Lost In Translation …?

In my last post, I mentioned that Surface Tension will be released early next year in the US, with a new cover and a new title. This will be the third of my books to come out over there and people are often curious about how that process works, what sort of changes are needed and so on. So I thought I might talk a bit about how it’s worked for me.

Although I haven’t been asked to alter anything major, certain changes have been necessary for readability and to make some of the specifically Australian aspects of the books translate for US readers. I’m talking about things like:

  • In Duck for a Day, there is a gum tree which is important to the story. The US editor said their readers wouldn’t understand ‘gum tree’ and suggested we change it to ‘eucalyptus tree’. I thought that would sound strange – too specific or something, and it would also be constantly saying, Hey, kids, this is in Australia!, which isn’t really relevant to the story. I suggested we simply change it to ‘tree’ so kids would read ‘past’ it, and that’s what we did.
  • In Surface Tension, there was confusion over the ‘house system’ used for school sports. The editor was curious as to how Liam and Cassie could be in the same class but in different houses. I was confused by her confusion. It took a while for us to work out what the other was confused about. Then we still had to solve the problem in the text.

In both books, there were language changes here and there. For example:

  • The 4WDs and utes in Surface Tension all became trucks, something I find very amusing, given the image ‘truck’ conjures up here.
  • There was much debate over whether ‘toilet’ should be ‘restroom’ or ‘bathroom’. It absolutely could not be toilet!
  • In Duck for a Day, Max is not allowed to have strawberry lollies. But the US editor thought that meant lollipops and that was confusing for a while. After we worked out what was going on, we had to decide whether to say taffy or candy or sweets.

Luckily I really like messing about with words, so I found this whole process really interesting and fun.

Although Surface Tension became Below, both No Bears and Duck for a Day kept their original titles, and No Bears has the same cover. The Duck for a Day cover is almost the same, with a few small changes in colouring and the layout of design elements. Here are the two covers below so you can see what I mean.

Here, I think I prefer the Australian cover, on the left.

I like the way the title steps

down

across

the page.

I’m not sure what the reasoning was behind changing it, but it’s not something I feel strongly about so I was fine with it.

There is one other interesting change I’m still getting used to. In the Australian edition of No Bears, the main character’s name is Ruby, but the US editor said they had too many Ruby books at the moment. She asked if I would be open to changing the name, and I said yes, but I wanted it to be another name that I loved – something short and strong, with a lot of personality. I chose Ella, and so that’s her name in the US. Which is great, and I have no problem with it, but I still think of her as Ruby, which can get quite confusing sometimes. I occasionally get email from US readers, who say things like I love it when Ella says ABC, or Why doesn’t Ella do XYZ? and I think, Who on earth are they talking about?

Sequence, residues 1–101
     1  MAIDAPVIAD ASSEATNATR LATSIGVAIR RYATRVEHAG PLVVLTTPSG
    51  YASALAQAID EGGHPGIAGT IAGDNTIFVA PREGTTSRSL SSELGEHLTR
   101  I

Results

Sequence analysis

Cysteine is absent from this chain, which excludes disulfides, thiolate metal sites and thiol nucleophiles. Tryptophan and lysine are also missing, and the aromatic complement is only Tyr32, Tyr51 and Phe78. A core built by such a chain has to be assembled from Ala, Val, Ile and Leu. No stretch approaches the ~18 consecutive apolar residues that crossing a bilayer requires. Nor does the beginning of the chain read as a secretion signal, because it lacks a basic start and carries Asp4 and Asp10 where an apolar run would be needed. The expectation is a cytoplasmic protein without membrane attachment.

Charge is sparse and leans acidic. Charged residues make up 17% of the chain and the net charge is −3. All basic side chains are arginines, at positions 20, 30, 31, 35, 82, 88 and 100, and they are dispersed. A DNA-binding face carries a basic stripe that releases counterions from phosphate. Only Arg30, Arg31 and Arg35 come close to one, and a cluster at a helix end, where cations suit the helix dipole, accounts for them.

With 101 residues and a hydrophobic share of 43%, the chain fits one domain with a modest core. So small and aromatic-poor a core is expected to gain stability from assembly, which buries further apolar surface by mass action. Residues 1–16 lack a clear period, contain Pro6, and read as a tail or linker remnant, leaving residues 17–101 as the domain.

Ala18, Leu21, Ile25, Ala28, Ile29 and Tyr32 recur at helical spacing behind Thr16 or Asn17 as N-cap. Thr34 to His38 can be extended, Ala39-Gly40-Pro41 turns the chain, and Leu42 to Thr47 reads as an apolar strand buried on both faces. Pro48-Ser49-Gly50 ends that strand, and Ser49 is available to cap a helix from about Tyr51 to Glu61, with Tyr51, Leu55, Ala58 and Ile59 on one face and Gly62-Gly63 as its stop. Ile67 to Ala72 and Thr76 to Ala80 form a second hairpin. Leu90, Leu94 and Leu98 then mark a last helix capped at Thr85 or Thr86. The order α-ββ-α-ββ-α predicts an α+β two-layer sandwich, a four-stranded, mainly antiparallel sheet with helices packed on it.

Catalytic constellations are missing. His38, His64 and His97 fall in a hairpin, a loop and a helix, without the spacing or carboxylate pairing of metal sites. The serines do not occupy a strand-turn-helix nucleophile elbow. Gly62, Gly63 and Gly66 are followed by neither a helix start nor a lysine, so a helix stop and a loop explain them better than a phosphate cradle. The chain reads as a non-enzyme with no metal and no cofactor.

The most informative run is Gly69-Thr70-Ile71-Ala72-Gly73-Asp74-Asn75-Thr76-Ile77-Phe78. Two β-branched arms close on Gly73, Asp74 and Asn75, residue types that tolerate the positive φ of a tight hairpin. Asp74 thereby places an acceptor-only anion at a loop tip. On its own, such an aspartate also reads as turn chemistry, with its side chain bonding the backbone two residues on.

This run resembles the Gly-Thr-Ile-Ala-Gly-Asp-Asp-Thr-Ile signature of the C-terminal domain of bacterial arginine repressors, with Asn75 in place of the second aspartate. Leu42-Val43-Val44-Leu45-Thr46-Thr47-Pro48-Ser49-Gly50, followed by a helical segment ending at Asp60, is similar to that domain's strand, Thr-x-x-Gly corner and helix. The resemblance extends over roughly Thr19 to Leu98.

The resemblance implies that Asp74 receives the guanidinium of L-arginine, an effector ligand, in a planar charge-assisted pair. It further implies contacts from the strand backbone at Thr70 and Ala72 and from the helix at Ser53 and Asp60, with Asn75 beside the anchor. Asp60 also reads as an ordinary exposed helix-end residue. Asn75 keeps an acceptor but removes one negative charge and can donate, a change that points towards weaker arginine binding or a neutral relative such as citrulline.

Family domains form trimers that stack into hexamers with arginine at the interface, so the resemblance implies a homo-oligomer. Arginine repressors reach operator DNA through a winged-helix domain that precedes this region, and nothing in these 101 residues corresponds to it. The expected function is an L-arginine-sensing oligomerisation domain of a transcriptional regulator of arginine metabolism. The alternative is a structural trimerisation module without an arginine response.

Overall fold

And then I remember. That Ruby went over the sea and turned into Ella on the way. That my books are over there slightly changed. What is it they say – same, same, but different. I guess that sums it up.

4 Responses so far »

  1. 1

    Ella Somers said,

    Hi Meg,

    I like the Australian cover too!
    I think the ground should be green though.
    Ha ha!
    How funny, that in your book your main character is called Ella and my name is Ella too!!!
    I love my name, and reading what you say about it, makes it even more special!!!
    Thank you for choosing my name!!!
    Ella :D

  2. 2

    reardonhs said,

    Hi Meg,

    Do you find it frustrating to have editors change this and that- even a character’s name?

    Tierney

  3. 3

    Meg McKinlay said,

    I like the green ground too, actually, and my daughter said the same thing. It does look as if the US design team wanted more empty space on the cover or something. I’m not sure; I just find it interesting anyway.

    And I do love the name Ella! I collect names I like and put them in a file, then when I’m looking for a name for a particular character, I can trawl through and see what looks likely.

    Tierney, it’s a good question, but I wouldn’t quite put it like that. Editors don’t actually get to change things. They make suggestions for ways in which things could be developed or improved, but it’s up to the writer to decide how (or whether) they go about that. With Ruby’s name, as I think I said, the US editor didn’t say it had to be changed. She just explained that there were lots of Ruby books there at the moment, and some very high profile ones too, and asked whether I would be open to a change. If I wasn’t, I think they would have just gone with Ruby. But her reasoning for suggesting a change seemed sensible to me, so I was happy to consider it. If I’d been more attached to the name, or didn’t agree with her reasoning, I might not have done so.

    If you’re interested in knowing more about the editing process, I had a blog-based conversation with some other writers about a few issues earlier this year, and that was one of them. You can read my post on my normal blog, and there are links there to the others and also some interesting comments (warning: very long blog posts ahead, possibly lacking in images…): http://megmckinlay.blogspot.com.au/2012/02/on-being-edited.html

  4. 4

    Tierney said,

    Thanks Meg,

    I understand now that editors don’t change people’s work- they just suggest things that could make the work better.


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